The stars, the moon, they have all been blown out 
You left me in the dark 
No dawn, no day, I'm always in this twilight 
In the shadow of your heart

I took the stars from my eyes, and then I made a map 
And knew that somehow I could find my way back 
Then I heard your heart beating, you were in the darkness too 
So I stayed in the darkness with you


The Lucky One (Alison Krauss and Union Station) Okay, yes, a little bluegrass. Mal has his own journey to make over the course of the story, but this is how Alina sees him at the start. Things come easily to him in a way they never do for her, and despite the past they've shared, she's a little resentful and genuinely afraid he's leaving her behind.

You're the lucky one 
So I've been told 
As free as the wind 
Blowin' down the road 
Loved by many, hated by none 
I'd say you're lucky 'cause I know what you've done 
Not a care in the world 
Not a worry in sight 
Everything's gonna be all right 
Cause you're the lucky one


Sorrow (Bad Religion)

It is called Tsarpunk, after all. The unofficial motto of the First Army is "Born to Die." They're conscripted serfs who know that they have very little chance of making it out of a centuries-long war alive. Not all of the lyrics work for the FA, but the sentiment feels right and there's something about the line, "What if every living soul could be upright and strong?" that always gets to me.


Poison and Wine (The Civil Wars)
Another heartbreaker, and good gravy, I love the way they harmonize. I'm going to just leave this one at the lyrics:

You only know what I want you to 
I know everything you don't want me to 
Oh your mouth is poison, your mouth is wine 
You think your dreams are the same as mine 
Oh I don't love you but I always will 
I always will

I wish you'd hold me when I turn my back 
The less I give the more I get back 
Oh your hands can heal, your hands can bruise 
I don't have a choice, but I still choose you

Oh I don't love you but I always will 
 I always will

Now, let's talk ATMOSPHERE...

It's actually fairly hard to find good recordings on youtube, but here are a few:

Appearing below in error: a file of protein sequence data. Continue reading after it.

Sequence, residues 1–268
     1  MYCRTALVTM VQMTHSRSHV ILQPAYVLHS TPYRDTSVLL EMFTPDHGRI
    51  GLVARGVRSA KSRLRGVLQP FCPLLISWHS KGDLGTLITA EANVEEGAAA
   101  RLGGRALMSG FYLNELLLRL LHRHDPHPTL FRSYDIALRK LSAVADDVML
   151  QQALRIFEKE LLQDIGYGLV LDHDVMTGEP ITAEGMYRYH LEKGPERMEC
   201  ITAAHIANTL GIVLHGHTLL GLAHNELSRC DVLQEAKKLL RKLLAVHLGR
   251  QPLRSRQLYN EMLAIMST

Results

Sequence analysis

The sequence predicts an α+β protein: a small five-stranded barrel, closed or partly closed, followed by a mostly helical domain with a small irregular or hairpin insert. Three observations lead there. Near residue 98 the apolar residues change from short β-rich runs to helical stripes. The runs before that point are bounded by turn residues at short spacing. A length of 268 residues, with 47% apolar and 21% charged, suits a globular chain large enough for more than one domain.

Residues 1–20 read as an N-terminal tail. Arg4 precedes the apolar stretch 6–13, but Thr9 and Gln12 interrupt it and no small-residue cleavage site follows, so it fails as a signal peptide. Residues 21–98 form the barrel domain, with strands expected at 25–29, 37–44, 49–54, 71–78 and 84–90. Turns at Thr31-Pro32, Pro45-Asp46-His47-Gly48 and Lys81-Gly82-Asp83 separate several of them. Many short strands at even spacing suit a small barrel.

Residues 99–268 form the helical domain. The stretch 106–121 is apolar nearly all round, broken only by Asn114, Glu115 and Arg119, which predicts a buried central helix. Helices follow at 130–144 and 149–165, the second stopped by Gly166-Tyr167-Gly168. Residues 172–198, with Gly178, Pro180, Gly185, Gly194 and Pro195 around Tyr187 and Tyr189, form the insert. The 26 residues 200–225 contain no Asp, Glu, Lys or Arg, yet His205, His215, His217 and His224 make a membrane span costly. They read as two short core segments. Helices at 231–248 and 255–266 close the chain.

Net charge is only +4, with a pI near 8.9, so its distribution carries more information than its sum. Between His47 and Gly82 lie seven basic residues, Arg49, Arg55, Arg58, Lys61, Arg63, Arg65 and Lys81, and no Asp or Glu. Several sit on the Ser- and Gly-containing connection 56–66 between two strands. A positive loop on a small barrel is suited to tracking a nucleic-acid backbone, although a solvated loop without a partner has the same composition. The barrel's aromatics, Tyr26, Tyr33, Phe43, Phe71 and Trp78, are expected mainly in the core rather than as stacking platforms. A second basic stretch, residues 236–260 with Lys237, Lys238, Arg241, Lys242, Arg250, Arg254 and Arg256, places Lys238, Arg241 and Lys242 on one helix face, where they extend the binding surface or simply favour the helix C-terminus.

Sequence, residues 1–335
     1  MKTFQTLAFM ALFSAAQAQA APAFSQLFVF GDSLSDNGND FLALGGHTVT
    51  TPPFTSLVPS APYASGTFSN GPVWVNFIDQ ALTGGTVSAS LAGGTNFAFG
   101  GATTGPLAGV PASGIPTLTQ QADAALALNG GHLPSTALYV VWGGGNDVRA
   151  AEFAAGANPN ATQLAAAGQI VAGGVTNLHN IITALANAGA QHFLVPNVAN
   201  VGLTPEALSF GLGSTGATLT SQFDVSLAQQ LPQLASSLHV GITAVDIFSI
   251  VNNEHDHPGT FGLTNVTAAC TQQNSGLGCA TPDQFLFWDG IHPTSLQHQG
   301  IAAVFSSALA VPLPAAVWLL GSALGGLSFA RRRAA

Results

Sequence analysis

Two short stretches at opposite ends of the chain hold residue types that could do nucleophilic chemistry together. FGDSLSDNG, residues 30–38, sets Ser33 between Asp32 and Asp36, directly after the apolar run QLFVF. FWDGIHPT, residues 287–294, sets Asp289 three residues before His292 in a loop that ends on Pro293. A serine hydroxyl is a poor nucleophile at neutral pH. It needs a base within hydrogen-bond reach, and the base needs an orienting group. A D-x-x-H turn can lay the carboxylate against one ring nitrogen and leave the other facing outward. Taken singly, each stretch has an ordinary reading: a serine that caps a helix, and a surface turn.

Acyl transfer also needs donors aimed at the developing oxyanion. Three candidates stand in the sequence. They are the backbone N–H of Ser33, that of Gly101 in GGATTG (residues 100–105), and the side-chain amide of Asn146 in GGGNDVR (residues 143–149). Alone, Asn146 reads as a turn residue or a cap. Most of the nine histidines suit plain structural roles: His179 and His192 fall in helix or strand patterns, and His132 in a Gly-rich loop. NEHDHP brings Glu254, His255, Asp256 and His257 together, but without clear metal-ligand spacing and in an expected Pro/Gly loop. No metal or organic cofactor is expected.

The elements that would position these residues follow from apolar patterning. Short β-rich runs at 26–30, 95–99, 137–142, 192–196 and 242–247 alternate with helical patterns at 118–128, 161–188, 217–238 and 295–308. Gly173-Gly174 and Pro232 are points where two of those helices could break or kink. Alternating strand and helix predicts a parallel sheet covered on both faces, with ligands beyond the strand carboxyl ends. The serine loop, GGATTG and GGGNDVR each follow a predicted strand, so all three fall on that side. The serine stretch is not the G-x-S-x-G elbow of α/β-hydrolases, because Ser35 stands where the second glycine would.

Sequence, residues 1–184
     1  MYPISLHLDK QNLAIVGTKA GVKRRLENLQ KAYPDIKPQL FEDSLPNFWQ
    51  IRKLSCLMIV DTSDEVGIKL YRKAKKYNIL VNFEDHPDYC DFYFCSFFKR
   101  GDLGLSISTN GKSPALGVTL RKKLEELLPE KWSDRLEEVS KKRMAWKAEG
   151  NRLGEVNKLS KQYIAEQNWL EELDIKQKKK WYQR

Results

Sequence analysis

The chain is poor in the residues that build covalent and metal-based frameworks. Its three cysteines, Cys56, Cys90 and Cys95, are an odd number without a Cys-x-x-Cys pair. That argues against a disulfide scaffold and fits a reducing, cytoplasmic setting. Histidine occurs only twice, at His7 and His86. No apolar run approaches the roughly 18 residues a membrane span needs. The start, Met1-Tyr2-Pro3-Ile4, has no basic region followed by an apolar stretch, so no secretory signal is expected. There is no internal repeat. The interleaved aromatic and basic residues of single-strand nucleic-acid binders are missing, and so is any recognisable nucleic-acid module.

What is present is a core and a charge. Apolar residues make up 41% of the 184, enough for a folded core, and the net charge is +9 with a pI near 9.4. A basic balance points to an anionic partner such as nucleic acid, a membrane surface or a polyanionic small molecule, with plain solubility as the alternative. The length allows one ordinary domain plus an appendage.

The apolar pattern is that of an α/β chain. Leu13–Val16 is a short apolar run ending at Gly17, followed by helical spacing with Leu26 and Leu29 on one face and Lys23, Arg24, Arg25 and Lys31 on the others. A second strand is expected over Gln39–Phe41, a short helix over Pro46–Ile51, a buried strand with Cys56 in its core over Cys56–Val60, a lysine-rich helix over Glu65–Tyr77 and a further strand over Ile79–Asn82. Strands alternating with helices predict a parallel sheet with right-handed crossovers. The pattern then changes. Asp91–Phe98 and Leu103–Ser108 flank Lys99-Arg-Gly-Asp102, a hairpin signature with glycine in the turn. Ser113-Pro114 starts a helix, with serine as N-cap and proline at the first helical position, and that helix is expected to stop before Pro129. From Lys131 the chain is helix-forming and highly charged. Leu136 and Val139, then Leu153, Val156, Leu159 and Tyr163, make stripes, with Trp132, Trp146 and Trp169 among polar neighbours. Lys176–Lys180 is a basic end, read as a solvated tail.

The Two Young Lovers http://www.youtube.com/watch?v=S4NxGDCvEBk&feature=related (The translation on these lyrics is kind of adorably naughty. It starts with "That’s not a barrel rolling around in the cellar.")

Polegnala e Todora (Love Song) from Le mystère des voix bulgares http://www.youtube.com/watch?v=HBY98KJig5I

This is the Yale Women's Slavic Chorus singing the Dove Song. You can hear the Dove's call in the voices and when that third voice kicks in at :40, CHILLS. http://www.youtube.com/watch?v=lq9XwUvJ-dw&feature=related

And if you find you like this type of thing, check out "Little Clouds In the Sky" as sung by The Kuban Cossack Women's Choir on iTunes.

I also need to shout out Prokofiev's "Lieutenant Kijé." I remember hearing Sting's song "Russians" in the car as a kid. I could never get this little bit of melody out of my head. I had no idea he'd sampled it from Prokofiev until my choir teacher heard me humming it and played the original for me. It's probably the first piece of Russian music I ever heard. http://www.youtube.com/watch?v=n1scluzlPz0

Monday, 4 June 2012

Grave Mercy Blog Tour: Extract!


Grave Mercy by Robin LaFevers is published in the UK by Andersen Press on June 7th, and it sounds brilliant! Below is a summary from Amazon and you can see the book trailer here or join the Facebook page here.

Young, beautiful and deadly. Trained as an assassin by the god of Death, Ismae is sent to the court of Brittany, where she finds herself underprepared - not only for the games of intrigue and treason, but for the impossible choices she must make. For how can she deliver Death's vengeance upon a target who, against her will, has stolen her heart? A dangerous romance full of intrigue, poison and ultimately finding one's way.


Extract 

Chapter One 

BRITTANY 1485

I bear a deep red stain that runs from my left shoulder down to my right hip, a trail left by the herbwitch’s poison that my mother used to try to expel me from her womb. That I survived, according to the herbwitch, is no miracle but a sign I have been sired by the god of death himself.
I am told my father flew into a rage and raised his hand to my mother even as she lay weak and bleeding on the birthing bed. Until the herbwitch pointed out to him that if my mother had lain with the god of death, surely He would not stand idly by while my father beat her.
I risk a glance up at my husband-to-be,Guillo, and wonder if my father has told him of my lineage. I am guessing not, for who would pay three silver coins for what I am? Besides, Guillo looks far too placid to know of my true nature. If my father has tricked him, it will not bode well for our union. That we are being married in Guillo’s cottage rather than a church further adds to my unease. 
I feel my father’s heavy gaze upon me and look up. The triumph in his eyes frightens me, for if he has triumphed, then I have surely lost in some way I do not yet understand. even so, I smile, wanting to convince him I am happy – for there is nothing that upsets him more than my happiness.

But while I can easily lie to my father, it is harder to lie to myself. I am afraid, sorely afraid of this man to whom I will now belong. I look down at his big, wide hands. Just like my father, he has dirt caked under his fingernails and stains in the creases of his skin.Will the semblance end there? or will he, too, wield those hands like a cudgel?